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Staff at Glen Oak Community Learning Center voice concerns over lack of support

WCBU 211108 Peoria Public Schools Board.png
Peoria Public Schools

Security breaches, resignations over mental health concerns, and students with soiled clothes—staff members at Glen Oak Community Learning Center are worried about the state of their school.

A number of teachers from Glen Oak participated in the public comment portion of Monday night’s Peoria Public Schools Board of Education meeting, sharing stories from experiences in the classroom and pushing administration to provide better support.

One staff member shared a story from the perspective of a young student who had an accident in the classroom when the bathroom wasn’t available. The student was forced to stay in the same clothes because no other options were available in the building and parents were not able to be reached.

Another staff member described an incident in which a parent entered the school building and attempted to accost a student who had had a disagreement with their child outside of school.

Responding to the comments, Superintendent Dr. Sharon Kherat called on the support options already in place at Glen Oak, and claimed that the administration was not aware of some of the situations presented.

“I’ve provided a lot of support for Glen Oak, including five parent advocates, and of course we have ELITE there,” said Kherat. “We’ll just continue to work together in a very focused way. We talk about Glen Oak practically every time we huddle.”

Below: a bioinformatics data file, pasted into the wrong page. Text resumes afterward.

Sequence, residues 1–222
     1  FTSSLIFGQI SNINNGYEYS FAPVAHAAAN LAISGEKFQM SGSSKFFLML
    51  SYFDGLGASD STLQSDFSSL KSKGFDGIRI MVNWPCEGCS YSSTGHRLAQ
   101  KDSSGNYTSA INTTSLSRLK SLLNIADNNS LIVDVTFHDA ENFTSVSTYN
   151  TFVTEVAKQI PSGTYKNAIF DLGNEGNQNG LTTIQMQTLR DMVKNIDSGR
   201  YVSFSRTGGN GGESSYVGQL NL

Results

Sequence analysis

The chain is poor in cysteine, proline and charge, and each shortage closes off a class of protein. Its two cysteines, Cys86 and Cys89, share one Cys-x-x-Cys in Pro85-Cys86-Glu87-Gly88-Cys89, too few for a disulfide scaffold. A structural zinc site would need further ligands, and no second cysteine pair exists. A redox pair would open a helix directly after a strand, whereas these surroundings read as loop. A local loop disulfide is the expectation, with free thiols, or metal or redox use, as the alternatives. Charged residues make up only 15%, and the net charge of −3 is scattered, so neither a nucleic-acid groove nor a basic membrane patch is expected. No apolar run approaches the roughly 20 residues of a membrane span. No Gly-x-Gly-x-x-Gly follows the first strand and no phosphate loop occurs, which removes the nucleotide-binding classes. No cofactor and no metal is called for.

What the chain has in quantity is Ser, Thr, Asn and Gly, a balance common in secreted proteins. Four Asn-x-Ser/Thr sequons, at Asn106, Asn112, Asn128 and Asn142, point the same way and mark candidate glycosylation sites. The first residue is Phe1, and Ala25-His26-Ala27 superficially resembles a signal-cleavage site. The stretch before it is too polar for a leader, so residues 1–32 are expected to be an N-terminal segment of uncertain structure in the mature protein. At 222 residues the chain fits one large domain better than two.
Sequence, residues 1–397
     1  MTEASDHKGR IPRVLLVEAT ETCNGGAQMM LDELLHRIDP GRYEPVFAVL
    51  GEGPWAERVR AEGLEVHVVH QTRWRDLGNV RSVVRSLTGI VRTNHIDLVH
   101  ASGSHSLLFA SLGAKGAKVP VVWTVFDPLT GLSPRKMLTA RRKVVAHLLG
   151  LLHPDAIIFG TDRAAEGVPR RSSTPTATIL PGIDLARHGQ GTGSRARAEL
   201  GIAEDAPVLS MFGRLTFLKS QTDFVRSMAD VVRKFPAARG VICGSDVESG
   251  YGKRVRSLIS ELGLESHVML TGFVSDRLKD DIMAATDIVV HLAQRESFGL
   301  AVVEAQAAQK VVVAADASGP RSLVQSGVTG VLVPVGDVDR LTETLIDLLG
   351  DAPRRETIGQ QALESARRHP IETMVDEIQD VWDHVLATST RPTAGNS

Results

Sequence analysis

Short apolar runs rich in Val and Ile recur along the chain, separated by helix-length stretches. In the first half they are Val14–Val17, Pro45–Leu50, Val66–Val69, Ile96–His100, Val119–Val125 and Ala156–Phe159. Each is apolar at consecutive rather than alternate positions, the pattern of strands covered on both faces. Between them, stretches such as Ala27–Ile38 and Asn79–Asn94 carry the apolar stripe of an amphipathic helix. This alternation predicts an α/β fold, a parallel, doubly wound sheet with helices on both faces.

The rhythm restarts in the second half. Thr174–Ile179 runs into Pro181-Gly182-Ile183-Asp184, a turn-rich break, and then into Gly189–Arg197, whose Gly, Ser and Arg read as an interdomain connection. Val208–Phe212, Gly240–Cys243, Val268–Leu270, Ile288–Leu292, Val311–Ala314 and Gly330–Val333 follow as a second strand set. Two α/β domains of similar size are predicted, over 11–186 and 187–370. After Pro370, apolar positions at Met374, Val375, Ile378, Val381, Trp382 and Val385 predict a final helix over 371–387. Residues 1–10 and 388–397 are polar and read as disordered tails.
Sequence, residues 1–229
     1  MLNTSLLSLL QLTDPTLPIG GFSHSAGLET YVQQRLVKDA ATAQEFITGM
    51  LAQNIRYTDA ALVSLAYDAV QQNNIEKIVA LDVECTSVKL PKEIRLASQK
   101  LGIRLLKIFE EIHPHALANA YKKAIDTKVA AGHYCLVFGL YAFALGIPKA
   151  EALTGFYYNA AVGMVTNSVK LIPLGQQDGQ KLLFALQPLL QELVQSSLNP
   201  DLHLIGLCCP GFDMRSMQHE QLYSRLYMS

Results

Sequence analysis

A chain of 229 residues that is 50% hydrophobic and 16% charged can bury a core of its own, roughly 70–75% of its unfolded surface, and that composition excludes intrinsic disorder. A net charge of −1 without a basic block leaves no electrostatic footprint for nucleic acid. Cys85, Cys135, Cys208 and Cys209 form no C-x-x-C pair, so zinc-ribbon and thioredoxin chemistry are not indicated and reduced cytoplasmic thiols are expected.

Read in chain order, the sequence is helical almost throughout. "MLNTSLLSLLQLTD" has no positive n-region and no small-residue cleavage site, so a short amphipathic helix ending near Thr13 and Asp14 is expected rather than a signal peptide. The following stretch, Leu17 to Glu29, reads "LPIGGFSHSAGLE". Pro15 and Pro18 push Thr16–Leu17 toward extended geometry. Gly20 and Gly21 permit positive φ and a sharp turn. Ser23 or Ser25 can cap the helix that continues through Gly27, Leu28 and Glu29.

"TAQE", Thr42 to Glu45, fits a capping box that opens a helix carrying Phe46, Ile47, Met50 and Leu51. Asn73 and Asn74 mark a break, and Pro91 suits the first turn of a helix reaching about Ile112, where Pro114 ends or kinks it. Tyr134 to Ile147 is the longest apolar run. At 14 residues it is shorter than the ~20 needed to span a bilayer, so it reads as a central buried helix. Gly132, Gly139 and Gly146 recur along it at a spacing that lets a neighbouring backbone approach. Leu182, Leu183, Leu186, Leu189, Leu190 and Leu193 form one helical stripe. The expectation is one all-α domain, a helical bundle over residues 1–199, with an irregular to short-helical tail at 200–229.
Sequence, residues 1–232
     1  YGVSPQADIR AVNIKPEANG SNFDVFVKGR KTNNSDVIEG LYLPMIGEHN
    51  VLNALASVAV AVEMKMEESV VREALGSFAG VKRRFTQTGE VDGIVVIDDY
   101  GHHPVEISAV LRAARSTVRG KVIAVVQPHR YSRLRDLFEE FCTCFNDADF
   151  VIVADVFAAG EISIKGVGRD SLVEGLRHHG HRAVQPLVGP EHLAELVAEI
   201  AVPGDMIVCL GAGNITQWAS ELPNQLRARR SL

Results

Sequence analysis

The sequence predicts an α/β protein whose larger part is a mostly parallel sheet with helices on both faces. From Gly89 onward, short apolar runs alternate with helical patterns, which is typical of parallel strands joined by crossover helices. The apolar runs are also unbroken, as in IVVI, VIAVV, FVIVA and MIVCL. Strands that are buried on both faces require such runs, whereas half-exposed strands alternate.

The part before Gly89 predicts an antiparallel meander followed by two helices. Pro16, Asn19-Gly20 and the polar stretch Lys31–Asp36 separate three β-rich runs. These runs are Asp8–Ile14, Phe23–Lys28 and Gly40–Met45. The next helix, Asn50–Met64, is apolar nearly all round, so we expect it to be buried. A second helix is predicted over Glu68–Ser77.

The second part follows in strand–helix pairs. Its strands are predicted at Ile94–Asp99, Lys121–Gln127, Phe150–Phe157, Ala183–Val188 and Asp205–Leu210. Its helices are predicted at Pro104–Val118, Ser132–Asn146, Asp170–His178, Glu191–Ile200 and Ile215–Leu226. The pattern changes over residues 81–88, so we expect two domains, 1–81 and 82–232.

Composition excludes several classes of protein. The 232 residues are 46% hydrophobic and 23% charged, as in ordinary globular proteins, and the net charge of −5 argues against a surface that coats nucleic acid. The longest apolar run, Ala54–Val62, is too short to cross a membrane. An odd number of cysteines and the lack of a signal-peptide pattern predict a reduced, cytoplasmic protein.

Board member Chase Klaus encouraged the board to spend more time at Glen Oak in hopes of providing some relief for on-site staff.

“Our days today were not nearly as stressful as the individuals that came into this room,” said Klaus. “So if we could provide that support maybe at the high areas of concern...I think it would go a long way for them to see us respond to that.”

Kherat encouraged Glen Oak staff to continue coming to the administration when possible, and said that her goal is to provide answers to their concerns.

“Our work is difficult, and this is probably the toughest year that we’ve ever experienced,” said Kherat. “My thinking...is not to make things more difficult for you, but to get the barriers out of the way, and we’ll continue to do that—I promise.”

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